Inside Track: Sparkling flotation returns help to attract new investors

 
David Hellier
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The favourite retort from fund managers who staged a near full-scale buyers’ strike for a few years on new issues in the UK was that they too often felt short-changed. Andy Brough of Schroders famously said that kids expected party bags when they went to birthday gatherings and that’s what fund managers had in mind when they backed a relatively untried company floating on the stock market.

New research from Deloitte, the business advisory group, shows that Brough and others of his ilk are getting more of what they want now. It shows that £1,000 invested in shares in each of this year’s ten UK Initial Public Offerings (IPOs) would have returned £13,520 by the end of October. The return is seven times greater than if they had invested in the FTSE 100 index instead.

We all know about Royal Mail (up 69.7 per cent) since flotation; but there’s an even larger rise for the housebuilder Crest Nicholson (up 75.9 per cent). Of the ten only eSure (down 21.7 per cent) and Stock Spirits Group (down 3.4 per cent) are showing losses.

The improved share price performance of newly-listed companies, be it because of deliberate cautiousness over pricing, luck or other factors, has also encouraged retail investors to step back into the market.

Thousands of them did so with Royal Mail but there’s also been interest in less obviously consumer friendly companies coming to market. When Guy Hands’ renewable energy group Infinis announced its decision to float, it signalled a determination to attract retail investors to a stock that will yield between six and seven per cent.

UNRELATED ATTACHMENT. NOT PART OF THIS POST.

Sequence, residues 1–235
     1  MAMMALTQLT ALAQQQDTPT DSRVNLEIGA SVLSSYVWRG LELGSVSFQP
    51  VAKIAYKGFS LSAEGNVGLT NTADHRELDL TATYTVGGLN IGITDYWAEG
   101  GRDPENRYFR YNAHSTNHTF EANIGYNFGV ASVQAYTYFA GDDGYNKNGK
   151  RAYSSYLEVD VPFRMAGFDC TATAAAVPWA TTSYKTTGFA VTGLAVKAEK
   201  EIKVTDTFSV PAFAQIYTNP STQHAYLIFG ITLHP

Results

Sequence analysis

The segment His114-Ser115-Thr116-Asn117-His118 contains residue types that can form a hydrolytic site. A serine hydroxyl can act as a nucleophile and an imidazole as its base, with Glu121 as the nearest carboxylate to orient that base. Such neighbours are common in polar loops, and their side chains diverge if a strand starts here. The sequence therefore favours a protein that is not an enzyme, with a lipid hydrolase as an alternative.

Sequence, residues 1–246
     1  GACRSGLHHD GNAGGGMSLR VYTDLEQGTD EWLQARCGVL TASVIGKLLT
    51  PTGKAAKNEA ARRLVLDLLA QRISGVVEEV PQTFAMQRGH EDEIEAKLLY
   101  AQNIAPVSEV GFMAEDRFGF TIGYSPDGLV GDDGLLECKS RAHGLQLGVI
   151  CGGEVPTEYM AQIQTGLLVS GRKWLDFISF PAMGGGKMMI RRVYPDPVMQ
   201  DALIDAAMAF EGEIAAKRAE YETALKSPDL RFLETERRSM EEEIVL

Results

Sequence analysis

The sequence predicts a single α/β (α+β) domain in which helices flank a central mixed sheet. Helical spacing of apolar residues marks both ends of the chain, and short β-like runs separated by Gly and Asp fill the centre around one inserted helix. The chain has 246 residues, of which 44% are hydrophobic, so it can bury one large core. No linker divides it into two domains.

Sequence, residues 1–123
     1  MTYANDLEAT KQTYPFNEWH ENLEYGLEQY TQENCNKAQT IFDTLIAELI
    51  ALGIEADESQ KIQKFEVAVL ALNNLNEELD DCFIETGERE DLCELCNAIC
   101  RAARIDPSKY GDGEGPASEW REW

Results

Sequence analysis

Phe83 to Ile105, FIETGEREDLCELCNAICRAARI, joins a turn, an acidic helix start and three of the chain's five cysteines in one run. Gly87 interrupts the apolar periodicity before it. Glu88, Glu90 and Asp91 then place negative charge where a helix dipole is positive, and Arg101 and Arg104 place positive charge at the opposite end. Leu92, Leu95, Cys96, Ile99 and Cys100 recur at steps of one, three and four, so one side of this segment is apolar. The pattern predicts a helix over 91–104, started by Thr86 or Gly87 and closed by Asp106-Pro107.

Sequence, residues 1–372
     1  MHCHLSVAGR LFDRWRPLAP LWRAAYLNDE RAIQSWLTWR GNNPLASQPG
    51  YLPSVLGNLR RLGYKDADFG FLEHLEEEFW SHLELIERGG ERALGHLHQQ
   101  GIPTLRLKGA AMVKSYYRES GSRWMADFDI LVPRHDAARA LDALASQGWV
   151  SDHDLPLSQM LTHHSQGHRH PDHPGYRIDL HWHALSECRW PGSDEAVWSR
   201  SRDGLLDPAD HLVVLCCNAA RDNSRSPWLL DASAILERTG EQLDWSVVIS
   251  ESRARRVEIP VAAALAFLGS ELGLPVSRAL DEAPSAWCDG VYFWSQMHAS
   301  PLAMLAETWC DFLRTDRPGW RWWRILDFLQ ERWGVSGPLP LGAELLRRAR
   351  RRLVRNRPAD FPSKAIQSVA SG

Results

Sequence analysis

Infinis is hoping around 10 per cent of its stock will be snapped up by retail investors, an achievement that would not have even been contemplated two to three years ago. “Whenever a company thinks about floating now, there is always an active discussion about a retail offering,” one banker said yesterday.

In the past the bulge bracket banks have not had much interest in the retail market. It’s seen as too finnicky and not terribly easy to control.

But they’re increasingly being forced to consider the option, which is in any case easier to handle thanks to the fact that mostly everything’s now processed online.

Barclays and Solid Solutions, who have a joint marketing arrangement, have been involved in Infinis, Royal Mail and Direct Line together and will surely hope to act on the upcoming sale of the government’s shares in Lloyds Bank.

So far, so good. The temptation now will be to take this new interest for granted and for a seller to spectacularly overprice. That’s when the recovery in IPOs will really be tested.
david.hellier@cityam.com